Mantises of Portugal
The mantis, an insect having over 2,400 different species, is often seen although only two species are commonly found in Portugal. They are often nicknamed Praying mantis due to their upright stance and positioning of their raptorial (an adaptation for catching and grasping prey) forelegs.
The two common species found in Portugal are the European mantis (Mantis religiosa) and the Conehead mantis (Empusa pennata). Both a similar size but very different in appearance.
The female European mantis can grow to 9cm in length with the male being smaller and lighter at 7cm; however, the antennae and eyes of the male are usually considerably larger than that of the female. Colouration can vary and has no indication of sex. Yellow, green, brown and even black examples can be found and, although there is no scientific evidence, it is generally accepted that the colouration is to camouflage into the surroundings to evade being preyed upon and, of course, to prey on other species.
The female Conehead mantis can grow up to 10cm in length with again the male coming up smaller and lighter. The male has a pair of very feathery antennae whereas the females are shorter and plain. As with the European mantis, colouration can vary including a mixture of greens, pinks and browns. As its name suggests, the main difference from the European mantis is the large protrusion from the top of its head making them look very alien-like.
It may surprise you to learn that both species can fly! Yes, they have a fantastic pair of wings hidden away, James Bond style, at the rear of their abdomen.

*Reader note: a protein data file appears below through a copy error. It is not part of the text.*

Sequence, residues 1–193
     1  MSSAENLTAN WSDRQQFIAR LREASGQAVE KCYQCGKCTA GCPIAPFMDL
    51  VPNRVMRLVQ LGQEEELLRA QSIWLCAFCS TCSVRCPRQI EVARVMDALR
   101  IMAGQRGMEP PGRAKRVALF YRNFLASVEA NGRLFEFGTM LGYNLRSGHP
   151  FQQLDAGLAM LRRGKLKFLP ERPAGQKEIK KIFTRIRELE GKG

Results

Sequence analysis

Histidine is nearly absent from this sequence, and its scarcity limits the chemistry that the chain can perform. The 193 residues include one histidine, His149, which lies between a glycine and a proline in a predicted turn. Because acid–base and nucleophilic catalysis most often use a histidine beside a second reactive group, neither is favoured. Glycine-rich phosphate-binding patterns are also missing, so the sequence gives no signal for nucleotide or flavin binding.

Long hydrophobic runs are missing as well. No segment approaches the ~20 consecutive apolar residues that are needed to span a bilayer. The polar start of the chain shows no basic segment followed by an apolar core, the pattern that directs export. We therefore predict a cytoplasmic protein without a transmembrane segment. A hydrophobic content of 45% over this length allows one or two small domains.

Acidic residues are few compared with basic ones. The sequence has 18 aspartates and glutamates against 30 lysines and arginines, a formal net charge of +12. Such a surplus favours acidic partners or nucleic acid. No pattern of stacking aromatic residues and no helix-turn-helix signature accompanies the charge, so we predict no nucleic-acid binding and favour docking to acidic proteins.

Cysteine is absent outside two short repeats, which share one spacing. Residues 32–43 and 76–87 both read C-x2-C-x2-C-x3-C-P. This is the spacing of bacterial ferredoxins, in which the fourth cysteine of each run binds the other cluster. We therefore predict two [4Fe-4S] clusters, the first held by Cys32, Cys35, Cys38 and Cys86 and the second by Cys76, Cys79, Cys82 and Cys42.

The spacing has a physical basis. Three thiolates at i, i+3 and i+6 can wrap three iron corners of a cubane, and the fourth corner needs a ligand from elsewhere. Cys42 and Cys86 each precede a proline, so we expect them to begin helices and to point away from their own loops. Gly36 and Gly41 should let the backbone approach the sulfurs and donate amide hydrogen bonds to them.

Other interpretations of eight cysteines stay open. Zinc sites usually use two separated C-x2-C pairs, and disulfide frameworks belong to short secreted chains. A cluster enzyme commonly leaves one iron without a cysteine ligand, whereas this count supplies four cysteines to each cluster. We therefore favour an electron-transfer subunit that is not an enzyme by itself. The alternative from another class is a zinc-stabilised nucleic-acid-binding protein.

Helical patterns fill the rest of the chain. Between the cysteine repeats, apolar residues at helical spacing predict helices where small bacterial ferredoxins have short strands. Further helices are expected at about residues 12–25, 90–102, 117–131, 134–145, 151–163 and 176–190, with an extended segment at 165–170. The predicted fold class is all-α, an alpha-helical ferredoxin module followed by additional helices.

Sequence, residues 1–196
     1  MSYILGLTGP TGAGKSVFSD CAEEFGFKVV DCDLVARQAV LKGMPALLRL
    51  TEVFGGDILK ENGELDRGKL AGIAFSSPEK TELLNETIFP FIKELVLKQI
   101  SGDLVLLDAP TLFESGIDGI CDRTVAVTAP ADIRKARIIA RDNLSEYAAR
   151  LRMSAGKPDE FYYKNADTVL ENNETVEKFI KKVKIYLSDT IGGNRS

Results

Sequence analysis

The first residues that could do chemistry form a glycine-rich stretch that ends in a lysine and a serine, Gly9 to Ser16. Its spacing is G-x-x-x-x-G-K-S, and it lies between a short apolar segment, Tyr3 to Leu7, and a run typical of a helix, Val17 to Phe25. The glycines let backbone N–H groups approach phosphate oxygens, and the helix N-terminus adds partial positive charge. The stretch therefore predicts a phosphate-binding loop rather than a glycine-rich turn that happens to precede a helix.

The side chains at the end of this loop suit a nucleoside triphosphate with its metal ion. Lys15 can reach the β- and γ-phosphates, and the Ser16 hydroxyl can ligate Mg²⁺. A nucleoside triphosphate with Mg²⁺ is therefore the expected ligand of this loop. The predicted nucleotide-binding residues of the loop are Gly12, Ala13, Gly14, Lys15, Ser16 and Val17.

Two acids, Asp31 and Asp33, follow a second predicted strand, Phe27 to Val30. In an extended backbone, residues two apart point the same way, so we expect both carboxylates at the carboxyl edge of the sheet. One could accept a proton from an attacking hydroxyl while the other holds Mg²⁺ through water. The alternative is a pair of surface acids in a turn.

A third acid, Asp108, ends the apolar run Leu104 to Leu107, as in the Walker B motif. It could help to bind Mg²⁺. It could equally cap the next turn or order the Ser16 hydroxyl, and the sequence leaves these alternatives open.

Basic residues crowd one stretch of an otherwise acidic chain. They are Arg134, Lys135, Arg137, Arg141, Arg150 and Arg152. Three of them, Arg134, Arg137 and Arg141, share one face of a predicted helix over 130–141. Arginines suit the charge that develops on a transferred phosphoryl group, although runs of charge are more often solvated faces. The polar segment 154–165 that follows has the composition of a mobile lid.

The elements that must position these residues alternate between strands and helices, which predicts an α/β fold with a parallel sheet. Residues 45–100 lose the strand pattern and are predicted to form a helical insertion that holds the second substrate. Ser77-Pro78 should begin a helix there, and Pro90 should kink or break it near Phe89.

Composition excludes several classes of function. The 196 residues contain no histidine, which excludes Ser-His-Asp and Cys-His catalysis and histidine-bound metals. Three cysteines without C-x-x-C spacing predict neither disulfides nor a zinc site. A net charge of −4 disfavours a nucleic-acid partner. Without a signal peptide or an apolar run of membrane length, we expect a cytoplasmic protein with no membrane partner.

Mantises are amazing ambush hunters and they can catch and eat many other insects, with grasshoppers being a favourite; even large cockroaches can be eaten. They wait patiently scanning the area for any insect that is small enough to grab by their long raptorial legs and, once caught, is held and eaten immediately. Their mandible (lower jaw) can cut its catch like a chainsaw.
Mantises only consume live prey, and this is probably due to the reason that they detect movement and, therefore, cannot identify a dead insect as food. They can often be seen “dancing” whilst waiting to ambush, with side to side movement. It is thought this is to mimic the movement of plants being blown in the wind.
Reproduction, usually in autumn, is an interesting affair and the male must be particularly careful as female mantises are well known for sexual cannibalism, although it appears to be much less common with the conehead species.
Although widely documented, it is not fully understood why the female carries out this vicious act. Various thoughts include biting off his head can make him produce more sperm or the fact he’s just a very nutritious meal. As mantises are equipped with eyes that detect movement, the male will approach slowly, pausing to avoid detection before jumping onto her back and grabbing her with his forelegs. A male may use the time when a female is distracted by feeding to his advantage. Once the copulation is complete, the male will flee the scene, sometimes pausing completely still, out of range of her grasp.
Once copulation has been successful, the female lays an amazing construction of eggs called an ootheca. Walls are usually a favourite location, but we had one underneath one of our sunbeds as shown in the photo. She can take many days to lay this structure, which dries to a solid cocoon to protect the (averaging 200) eggs and developing babies throughout the winter where they hatch in springtime.
When the temperature conditions allow, the babies hatch from the ootheca and already have the look of the adults. Many do not survive the first few days due to various conditions such as lack of food, cold nights and even being preyed upon. As they develop into adults, they moult their skins as they increase in size. This can occur up to 10 times before they become fully grown.
By Craig Rogers
Craig Rogers is a wildlife and nature photographer from Wales now living in the Algarve, offering photography workshops. For more information, photographs and his blog visit www.craigrogers.photography